TABLE 1
www.frontiersin.org

TABLE 1. Characteristics of schizophrenia patients and healthy volunteers.

TABLE 2
www.frontiersin.org

TABLE 2. Friedman test results for comparison of HRV parameters in pre-rest, yoga, and post-rest.

FIGURE 3
www.frontiersin.org

FIGURE 3. Color maps of a healthy volunteer (A) and a patient with schizophrenia (B). The color map shows a drastic yoga-induced increase of power spectrum densities corresponding to the LF and HF domains for the healthy volunteer (A), whereas that of the patient with schizophrenia (B) did not show any distinctive yoga-induced changes.

FIGURE 4
www.frontiersin.org

FIGURE 4. Autonomic response-related parameters (LF, HF and HR) of a healthy volunteer (A) and a patient with schizophrenia (B) during the pre-rest, during yoga, and post-rest periods. In the healthy volunteer, LF and HF increased drastically during yoga, while those of the patient with schizophrenia did not show distinctive changes during yoga. HR at rest was higher in the patient with schizophrenia compared with that in the healthy volunteer.

Using the yoga-induced autonomic responses of 28 participants, we determined the linear discriminant Eq. 2. Twelve explanatory variables as the parameters were adopted for linear discriminant analysis for patients with schizophrenia and healthy volunteers (Total; 24 parameters). The test of normality was conducted with the Shapiro-Wilk test (S-W test), which is applicable even when the sample size is small. 5 out of 24 parameters (Schizophrenia; VLF (pre-rest), LF (pre-post), LF (yoga), Healthy; VLF (post-rest), LF (pre-rest) did not follow normal distribution. Nevertheless, the linear discriminant function calculated by StatMate III using these parameters (including non-normal distributed parameters) showed statistical significance (p < 0.001). Regression coefficients (A1–A12) corresponding to autonomic activity-related explanatory variables (X1–X12) are shown in Figure 5.

Z=0.00068VLFprerest0.00115VLFyoga+0.00176VLFpostrest+0.00029LFprerest+0.0027LFyoga0.012LFpostrest0.23HRprerest0.074HRyoga+0.35HRpostrest+0.16SDNNprerest0.23SDNNyoga+0.12SDNNpostrest12.89(2)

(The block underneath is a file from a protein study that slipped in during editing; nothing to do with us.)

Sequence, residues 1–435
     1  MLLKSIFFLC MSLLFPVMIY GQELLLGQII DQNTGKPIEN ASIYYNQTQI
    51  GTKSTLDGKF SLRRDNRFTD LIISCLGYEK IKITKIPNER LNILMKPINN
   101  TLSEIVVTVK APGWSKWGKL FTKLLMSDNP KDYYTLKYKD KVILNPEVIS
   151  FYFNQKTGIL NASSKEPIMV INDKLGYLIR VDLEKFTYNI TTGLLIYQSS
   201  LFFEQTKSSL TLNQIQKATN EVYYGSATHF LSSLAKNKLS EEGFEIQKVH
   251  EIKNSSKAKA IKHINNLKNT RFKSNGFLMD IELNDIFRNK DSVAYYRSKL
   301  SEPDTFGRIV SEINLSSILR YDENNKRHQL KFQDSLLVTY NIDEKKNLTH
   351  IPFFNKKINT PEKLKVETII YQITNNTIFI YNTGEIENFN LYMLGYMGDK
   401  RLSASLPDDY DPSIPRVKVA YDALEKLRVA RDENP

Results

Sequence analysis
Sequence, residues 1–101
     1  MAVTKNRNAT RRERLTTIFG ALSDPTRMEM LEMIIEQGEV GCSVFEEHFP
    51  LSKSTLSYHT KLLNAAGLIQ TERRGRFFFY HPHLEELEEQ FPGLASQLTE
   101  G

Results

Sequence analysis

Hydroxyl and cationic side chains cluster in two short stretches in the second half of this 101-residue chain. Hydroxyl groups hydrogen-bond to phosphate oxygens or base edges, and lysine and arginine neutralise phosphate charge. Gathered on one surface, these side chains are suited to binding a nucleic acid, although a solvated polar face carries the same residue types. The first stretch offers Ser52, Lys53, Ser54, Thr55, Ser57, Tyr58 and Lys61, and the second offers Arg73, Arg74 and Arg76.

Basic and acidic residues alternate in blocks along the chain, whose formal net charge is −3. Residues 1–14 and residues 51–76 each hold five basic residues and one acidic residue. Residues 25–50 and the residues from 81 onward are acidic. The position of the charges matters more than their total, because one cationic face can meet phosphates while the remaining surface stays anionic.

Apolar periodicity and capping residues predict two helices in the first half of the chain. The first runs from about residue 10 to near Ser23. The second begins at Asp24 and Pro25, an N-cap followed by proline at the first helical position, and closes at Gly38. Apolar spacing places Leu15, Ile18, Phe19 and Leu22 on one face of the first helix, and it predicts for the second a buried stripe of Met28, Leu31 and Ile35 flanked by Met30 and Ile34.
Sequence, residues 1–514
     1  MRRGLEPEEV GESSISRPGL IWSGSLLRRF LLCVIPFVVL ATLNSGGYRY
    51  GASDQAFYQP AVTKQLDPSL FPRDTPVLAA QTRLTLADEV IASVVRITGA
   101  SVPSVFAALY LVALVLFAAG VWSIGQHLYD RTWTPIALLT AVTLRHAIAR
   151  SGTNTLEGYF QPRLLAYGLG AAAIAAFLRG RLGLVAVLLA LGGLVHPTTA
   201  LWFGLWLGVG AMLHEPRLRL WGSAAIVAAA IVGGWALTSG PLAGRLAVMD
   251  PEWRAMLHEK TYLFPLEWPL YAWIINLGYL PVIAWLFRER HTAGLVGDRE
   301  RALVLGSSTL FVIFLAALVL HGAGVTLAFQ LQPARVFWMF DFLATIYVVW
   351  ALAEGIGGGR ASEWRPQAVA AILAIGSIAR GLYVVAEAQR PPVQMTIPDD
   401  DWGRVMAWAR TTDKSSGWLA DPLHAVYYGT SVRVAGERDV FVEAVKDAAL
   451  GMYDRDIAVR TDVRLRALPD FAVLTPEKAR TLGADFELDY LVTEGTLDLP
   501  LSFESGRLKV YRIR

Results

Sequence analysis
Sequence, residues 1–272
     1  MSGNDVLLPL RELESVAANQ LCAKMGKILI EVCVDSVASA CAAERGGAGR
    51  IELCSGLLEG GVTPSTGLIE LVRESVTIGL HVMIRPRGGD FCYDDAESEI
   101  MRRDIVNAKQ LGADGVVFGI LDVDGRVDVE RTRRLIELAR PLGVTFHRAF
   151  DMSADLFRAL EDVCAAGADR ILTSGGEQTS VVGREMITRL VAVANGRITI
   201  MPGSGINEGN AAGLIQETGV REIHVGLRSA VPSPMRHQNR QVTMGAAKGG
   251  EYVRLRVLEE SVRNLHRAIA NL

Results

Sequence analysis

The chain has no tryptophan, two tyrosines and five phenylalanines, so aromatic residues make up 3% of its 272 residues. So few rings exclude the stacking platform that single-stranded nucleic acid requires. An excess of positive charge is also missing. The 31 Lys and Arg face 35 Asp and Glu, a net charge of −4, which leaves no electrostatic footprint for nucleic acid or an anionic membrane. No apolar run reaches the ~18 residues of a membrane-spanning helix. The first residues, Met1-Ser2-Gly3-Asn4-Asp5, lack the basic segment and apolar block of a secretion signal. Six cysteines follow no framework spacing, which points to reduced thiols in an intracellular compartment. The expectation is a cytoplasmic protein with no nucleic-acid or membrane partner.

FIGURE 5
www.frontiersin.org

FIGURE 5. Discrimination algorithms. The regression coefficients (A1 to A12) were determined using LDA to distinguish patients with schizophrenia from healthy volunteers, where A1 to A12 are the regression coefficients corresponding to VLF, LF, HR, and SDNN for the pre-rest, during yoga, and post-rest periods.

In Eq. 2, Z ≥ 0 indicates suspected schizophrenia, and Z < 0 indicates no suspected schizophrenia. Using this linear discriminant Eq. 2, the Z-scores of the 29 participants were calculated, as shown in Figure 6. The proposed system achieved sensitivity of 91%, specificity of 81%, NPV of 92%, and PPV of 78%. The explanatory variable standardized partial regression coefficients indicate the contribution of each explanatory variable in the linear discriminant function. If we arrange them in order of contribution, SDNN (yoga), LF (post-rest), HR (post-rest), HR (pre-rest), LF (yoga), SDNN (post-rest), SDNN (pre-rest), VLF (post-rest), HR (yoga), VLF (yoga), VLF (pre-rest), and LF (pre-rest). Linear discriminant function adopting top five contribution of explanatory variables revealed 75% sensitivity, 75% specificity, 80% NPV, and 69% PPV. Linear discriminant function showed the highest sensitivity and specificity when all of twelve explanatory variables are adopted. The Mahalanobis squared distance calculated from the HRV-related variables was 3.8. The classification error rate corresponding to the Mahalanobis squared distance was 16.4%. There was no significant correlation between chlorpromazine equivalent doses of antipsychotics and Z-scores (r = −0.28, p = 0.37).